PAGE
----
If this investigation reveals that you, the end client, have not taken reasonable care when issuing a Status Determination Statement (SDS) then the liability for any fees and penalties could well revert to you, rather than the employment agency fee payer, if applicable.
It’s also worth noting that, as HMRC remain committed to their ‘soft landing’ approach in the first 12 months of off-payroll reform, there would be no penalties payable for those in receipt of compliance checks unless it is deemed that you have been deliberately non-compliant (i.e. you have committed fraud).
In situations where HMRC apply penalties, these are based on a percentage of the tax owed and levied based on behaviour, ranging from ‘careless’ to ‘deliberate non-compliance’. If you are deemed to have been careless and it’s your first offence, you can apply to have your penalty waived.
How can you protect your organisation?
IR35 compliance checks can be time consuming, costly and stressful, therefore it is worthwhile having a specialist handle this matter on your behalf. Kingsbridge have a dedicated team of IR35 status experts, led by Andy Vessey, that can not only help ensure you have compliant systems and processes in place, but are also able to represent you during HMRC IR35 activity. We will then protect your position at all times and hold your organisation’s hand as we navigate HMRC’s questions to provide a positive and successful outcome to their curiosity.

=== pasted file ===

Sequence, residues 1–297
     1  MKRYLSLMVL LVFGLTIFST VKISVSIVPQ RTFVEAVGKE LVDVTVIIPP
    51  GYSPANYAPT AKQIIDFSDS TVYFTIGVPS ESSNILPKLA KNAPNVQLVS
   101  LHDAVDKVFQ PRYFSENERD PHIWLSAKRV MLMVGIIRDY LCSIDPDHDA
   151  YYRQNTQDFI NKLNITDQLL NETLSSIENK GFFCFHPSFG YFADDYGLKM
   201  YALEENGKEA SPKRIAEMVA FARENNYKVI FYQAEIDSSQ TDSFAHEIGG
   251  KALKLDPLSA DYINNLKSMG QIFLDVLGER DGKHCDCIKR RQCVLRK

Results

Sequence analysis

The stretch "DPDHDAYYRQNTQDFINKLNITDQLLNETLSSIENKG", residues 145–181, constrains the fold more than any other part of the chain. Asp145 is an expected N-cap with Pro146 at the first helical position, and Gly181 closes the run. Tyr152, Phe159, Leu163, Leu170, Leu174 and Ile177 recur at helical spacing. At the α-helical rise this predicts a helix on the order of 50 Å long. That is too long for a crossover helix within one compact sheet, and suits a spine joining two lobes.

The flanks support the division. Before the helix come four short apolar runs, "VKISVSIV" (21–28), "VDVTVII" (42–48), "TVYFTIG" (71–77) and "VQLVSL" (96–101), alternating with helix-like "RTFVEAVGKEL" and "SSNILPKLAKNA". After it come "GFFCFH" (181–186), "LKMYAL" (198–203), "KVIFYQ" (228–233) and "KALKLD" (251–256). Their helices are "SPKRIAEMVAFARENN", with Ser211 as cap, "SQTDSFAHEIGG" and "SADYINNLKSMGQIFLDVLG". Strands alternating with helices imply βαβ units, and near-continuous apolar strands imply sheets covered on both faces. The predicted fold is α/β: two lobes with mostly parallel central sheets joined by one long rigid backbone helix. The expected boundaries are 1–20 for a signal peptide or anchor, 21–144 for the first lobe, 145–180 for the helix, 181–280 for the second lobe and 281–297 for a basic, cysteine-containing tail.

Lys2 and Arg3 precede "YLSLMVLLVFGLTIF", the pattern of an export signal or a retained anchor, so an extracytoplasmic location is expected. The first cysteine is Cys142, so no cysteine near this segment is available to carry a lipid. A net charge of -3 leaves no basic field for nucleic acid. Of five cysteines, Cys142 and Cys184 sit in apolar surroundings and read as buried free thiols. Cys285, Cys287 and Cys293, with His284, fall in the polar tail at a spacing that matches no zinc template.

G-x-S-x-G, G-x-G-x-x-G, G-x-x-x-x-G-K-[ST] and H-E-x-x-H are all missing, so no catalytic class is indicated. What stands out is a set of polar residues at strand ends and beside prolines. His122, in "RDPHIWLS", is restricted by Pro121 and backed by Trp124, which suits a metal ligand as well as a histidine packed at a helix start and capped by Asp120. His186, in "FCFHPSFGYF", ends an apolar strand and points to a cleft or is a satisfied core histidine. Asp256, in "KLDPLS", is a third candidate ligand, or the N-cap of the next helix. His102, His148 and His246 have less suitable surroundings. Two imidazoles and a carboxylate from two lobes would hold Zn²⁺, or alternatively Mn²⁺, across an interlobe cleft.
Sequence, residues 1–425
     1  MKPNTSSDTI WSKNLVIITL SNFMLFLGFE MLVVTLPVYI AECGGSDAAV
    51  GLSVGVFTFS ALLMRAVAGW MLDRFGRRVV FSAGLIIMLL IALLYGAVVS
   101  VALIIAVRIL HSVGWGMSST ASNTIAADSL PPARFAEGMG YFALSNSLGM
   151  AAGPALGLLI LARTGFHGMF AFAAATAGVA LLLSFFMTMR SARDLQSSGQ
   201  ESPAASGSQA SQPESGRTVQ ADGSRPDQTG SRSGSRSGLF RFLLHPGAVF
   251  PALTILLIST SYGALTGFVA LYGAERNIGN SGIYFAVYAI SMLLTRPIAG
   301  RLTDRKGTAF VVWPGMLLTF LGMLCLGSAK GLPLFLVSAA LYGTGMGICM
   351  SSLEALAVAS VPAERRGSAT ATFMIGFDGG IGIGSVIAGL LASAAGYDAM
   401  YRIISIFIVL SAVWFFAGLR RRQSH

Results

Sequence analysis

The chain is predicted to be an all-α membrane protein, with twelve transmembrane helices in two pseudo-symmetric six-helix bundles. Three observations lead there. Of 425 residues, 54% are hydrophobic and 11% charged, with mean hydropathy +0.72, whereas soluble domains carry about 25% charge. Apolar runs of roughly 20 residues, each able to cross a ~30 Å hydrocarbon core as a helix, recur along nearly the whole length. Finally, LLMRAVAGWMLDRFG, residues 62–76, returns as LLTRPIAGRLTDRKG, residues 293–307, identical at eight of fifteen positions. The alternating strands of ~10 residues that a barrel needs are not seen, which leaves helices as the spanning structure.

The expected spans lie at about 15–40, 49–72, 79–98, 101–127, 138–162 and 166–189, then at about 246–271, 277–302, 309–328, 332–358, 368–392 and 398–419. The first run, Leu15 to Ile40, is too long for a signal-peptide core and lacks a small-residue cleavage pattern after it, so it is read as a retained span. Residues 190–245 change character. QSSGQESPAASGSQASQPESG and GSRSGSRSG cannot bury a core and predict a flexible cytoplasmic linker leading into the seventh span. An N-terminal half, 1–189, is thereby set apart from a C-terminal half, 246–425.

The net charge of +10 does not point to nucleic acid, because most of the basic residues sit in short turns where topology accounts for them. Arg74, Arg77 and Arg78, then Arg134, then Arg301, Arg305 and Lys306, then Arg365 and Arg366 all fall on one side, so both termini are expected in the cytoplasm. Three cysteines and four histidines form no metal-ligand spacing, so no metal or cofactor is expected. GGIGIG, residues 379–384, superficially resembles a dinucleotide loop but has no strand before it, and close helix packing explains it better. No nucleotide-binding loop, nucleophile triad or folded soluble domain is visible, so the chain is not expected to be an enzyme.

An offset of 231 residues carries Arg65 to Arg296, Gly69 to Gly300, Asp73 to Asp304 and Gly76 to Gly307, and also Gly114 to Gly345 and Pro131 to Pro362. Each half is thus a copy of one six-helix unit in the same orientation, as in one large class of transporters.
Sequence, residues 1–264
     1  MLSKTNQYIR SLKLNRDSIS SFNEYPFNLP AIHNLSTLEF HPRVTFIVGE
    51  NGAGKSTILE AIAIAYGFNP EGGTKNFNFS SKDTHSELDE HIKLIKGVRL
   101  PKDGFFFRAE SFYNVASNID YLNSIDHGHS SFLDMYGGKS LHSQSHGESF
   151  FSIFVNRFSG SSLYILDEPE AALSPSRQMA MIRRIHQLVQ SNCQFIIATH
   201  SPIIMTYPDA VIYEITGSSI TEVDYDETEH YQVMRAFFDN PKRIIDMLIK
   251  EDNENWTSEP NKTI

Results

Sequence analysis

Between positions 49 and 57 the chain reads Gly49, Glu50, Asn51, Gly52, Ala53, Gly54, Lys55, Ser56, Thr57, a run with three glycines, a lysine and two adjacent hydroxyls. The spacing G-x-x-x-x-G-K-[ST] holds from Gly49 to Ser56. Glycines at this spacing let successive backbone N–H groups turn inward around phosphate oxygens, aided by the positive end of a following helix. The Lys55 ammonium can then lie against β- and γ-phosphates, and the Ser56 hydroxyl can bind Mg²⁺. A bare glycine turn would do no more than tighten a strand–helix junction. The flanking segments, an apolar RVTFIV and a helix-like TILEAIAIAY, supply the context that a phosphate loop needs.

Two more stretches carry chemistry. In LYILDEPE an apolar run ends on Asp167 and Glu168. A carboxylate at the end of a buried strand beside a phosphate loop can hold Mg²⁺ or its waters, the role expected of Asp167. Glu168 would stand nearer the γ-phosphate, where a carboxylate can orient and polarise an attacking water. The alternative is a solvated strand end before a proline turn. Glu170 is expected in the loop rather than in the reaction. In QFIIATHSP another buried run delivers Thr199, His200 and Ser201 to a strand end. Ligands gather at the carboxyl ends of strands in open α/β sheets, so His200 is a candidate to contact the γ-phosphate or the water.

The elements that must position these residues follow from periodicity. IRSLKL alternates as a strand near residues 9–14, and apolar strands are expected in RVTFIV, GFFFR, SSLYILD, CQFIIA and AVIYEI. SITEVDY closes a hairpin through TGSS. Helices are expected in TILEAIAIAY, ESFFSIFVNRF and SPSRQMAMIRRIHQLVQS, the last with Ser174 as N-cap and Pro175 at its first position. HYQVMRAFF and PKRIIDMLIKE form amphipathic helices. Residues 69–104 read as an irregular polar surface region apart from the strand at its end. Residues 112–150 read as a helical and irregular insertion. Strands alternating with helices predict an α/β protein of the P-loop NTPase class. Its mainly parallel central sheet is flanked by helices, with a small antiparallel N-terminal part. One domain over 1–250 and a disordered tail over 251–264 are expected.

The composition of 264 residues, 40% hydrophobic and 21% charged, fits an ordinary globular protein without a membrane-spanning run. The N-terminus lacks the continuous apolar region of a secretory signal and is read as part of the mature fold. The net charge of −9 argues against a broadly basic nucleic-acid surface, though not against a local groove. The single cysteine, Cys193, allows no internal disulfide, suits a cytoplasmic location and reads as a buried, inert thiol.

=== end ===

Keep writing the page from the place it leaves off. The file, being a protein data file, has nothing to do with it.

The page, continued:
Have the right processes in place
Notwithstanding, the first and best way to protect yourself is, of course, to have compliant systems and processes in place. You should already have these, since the rules have been in effect for almost two years.
If proceeding without specialist support, the next thing to do is to follow the instructions laid out in the letter. This starts with having the ‘informal chat’ HMRC has requested. That is, of course, as long as it does remain informal. You’re under no obligations to answer more detailed questions. If any come up, you are within your rights to say you cannot answer that right now and will be sending those details as part of the requested schedule of information. It’s also a good idea to share news of the compliance check with other interested parties in the supply chain. You’re not obliged to do this, but it is courteous since it could have knock-on effects for them, particularly the fee payer.